Separation of Church and Politics

In the final season of the NBC drama West Wing, it is the time for a presidential election.  Senator Arnold Vinick, played by Alan Alda is running for the Republican nomination.  His faith becomes an issue in the campaign, and he makes an innocent statement about church that lands him in some hot water.  After a meeting in the Oval Office with President Bartlet, played by Martin Sheen, the two men are sitting in the White House kitchen eating ice cream out of rather large containers.  They are discussing faith and Vinick asks whatever happened to the separation of church and state.  Bartlet replies that it is just fine but the separation of church and politics, well that is a different issue all together.

Much has been made about the faith of the candidates running for President of the United States.  Much has also been made of the faith of the present occupant of the Oval Office, but I shall leave that for the moment.  Faith is a very private thing, but when it becomes an issue in a campaign, I guess the people have a right to know.  My faith teaches me that it is our actions and not our words that determine our faith.  In other words, how do we act and are we acting in a manner that brings shame and disgrace to our faith or are we acting in a way that brings glory to God?

The United States of America is a complicated place; it always has and it always will.  Sure we were a nation founded on the Judeo-Christian principles, but we were not founded as a Christian, or any other religion, nation.  One of the freedoms we hold dear is the right to free exercise of our religion and that the government will not interfere with that.  With that said, I am not sure how anyone could aspire to the high office of president and not be a person of faith, no matter what that faith is.  I also feel it is important to know what influences our leaders.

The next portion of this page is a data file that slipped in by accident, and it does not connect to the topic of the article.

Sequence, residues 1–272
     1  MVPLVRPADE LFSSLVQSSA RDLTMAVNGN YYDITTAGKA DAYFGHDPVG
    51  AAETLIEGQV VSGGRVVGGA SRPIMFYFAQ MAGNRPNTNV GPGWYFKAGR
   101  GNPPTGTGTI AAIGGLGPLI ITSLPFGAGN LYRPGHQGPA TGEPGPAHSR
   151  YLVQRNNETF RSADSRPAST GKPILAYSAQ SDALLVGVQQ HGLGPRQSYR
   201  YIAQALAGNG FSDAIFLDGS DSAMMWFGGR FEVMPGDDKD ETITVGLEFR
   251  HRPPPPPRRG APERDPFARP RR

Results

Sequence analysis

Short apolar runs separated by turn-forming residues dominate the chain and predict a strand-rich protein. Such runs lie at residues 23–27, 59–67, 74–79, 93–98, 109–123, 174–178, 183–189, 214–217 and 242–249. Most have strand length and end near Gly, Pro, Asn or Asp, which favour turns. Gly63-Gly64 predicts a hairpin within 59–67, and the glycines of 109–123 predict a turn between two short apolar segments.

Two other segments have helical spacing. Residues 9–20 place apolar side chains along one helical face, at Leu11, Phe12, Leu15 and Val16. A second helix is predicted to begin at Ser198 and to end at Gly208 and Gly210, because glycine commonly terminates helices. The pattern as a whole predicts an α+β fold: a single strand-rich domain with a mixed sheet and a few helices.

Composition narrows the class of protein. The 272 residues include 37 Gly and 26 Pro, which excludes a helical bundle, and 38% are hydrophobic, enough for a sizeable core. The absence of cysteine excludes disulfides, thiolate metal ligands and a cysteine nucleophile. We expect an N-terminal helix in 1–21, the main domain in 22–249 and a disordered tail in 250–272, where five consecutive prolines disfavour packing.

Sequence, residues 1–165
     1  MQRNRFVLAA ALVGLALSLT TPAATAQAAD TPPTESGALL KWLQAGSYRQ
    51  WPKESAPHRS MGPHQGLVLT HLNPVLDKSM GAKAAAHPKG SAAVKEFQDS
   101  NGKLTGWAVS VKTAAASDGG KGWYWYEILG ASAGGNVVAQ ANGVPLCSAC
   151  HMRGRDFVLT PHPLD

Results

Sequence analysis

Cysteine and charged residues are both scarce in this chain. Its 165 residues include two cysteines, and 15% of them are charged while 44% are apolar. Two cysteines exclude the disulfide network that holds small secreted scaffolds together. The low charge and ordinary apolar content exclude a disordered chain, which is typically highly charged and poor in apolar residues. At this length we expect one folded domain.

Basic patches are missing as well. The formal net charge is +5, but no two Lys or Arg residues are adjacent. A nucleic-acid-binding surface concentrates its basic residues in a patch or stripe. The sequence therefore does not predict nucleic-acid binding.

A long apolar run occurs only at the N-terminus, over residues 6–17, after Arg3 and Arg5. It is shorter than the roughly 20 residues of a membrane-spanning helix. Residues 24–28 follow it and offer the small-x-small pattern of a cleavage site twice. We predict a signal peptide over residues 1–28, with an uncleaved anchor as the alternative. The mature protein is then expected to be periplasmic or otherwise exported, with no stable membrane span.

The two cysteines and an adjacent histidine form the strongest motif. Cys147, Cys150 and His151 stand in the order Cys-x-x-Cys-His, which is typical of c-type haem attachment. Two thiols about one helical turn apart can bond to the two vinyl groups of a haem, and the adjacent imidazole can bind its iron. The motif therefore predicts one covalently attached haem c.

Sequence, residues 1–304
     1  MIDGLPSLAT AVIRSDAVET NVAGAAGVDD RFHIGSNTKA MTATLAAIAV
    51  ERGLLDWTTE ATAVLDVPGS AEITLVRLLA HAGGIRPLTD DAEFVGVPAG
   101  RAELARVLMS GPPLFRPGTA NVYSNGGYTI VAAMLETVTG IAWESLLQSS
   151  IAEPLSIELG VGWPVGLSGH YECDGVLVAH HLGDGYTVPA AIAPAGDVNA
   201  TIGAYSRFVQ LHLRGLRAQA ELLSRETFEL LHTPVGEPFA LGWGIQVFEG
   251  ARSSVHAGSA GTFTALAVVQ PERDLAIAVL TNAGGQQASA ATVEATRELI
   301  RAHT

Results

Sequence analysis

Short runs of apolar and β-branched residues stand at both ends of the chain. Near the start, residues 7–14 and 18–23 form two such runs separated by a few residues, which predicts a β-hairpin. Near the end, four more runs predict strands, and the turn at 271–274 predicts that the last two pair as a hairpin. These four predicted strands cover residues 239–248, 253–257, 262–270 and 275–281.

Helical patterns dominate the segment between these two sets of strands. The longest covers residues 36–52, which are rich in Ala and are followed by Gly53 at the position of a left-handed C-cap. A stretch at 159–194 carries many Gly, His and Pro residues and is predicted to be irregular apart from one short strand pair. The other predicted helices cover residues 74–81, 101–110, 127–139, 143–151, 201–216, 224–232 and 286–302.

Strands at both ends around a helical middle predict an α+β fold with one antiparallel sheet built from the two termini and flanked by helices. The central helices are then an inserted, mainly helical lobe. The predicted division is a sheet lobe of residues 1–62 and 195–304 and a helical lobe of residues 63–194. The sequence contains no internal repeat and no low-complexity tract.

Kristin Du Mez, of the Religion and Politics Blog, has written a piece about the faith of Hilary Clinton.  She makes the case that Secretary Clinton has held her faith in private and did not wear it on her sleeve.  As a common rule Democrats do not court the Evangelical vote, so the need always to talk about one’s religion does not usually come into play.

Here are few words from that piece:

Although Clinton has confessed a certain reticence when it comes to “advertising” her faith, and a preference for “walking the walk” rather than risk trivializing “what has been an extraordinary sense of support and possibility” throughout her life, she has consistently testified to her Methodist faith over the course of her long career in politics.

Skeptics may be surprised to learn that Clinton taught Sunday school and delivered guest sermons on Methodism as first lady of Arkansas, and that she devoted an entire chapter of her first book, It Takes a Village, to the importance of faith. They may not know that in her memoir Hard Choices, she credits the Wesleyan mantra, “Do all the good you can, at all the times you can, to all the people you can, as long as ever you can,” with prompting her to enter electoral politics, and later to leave the Senate and accept President-Elect Obama’s invitation to become secretary of state. In short, Clinton depicts her entire career in public service as a means of putting her faith into action.

Read the rest here

Living your faith in public is fine, but it better sync up with what it means to be the faith you profess.

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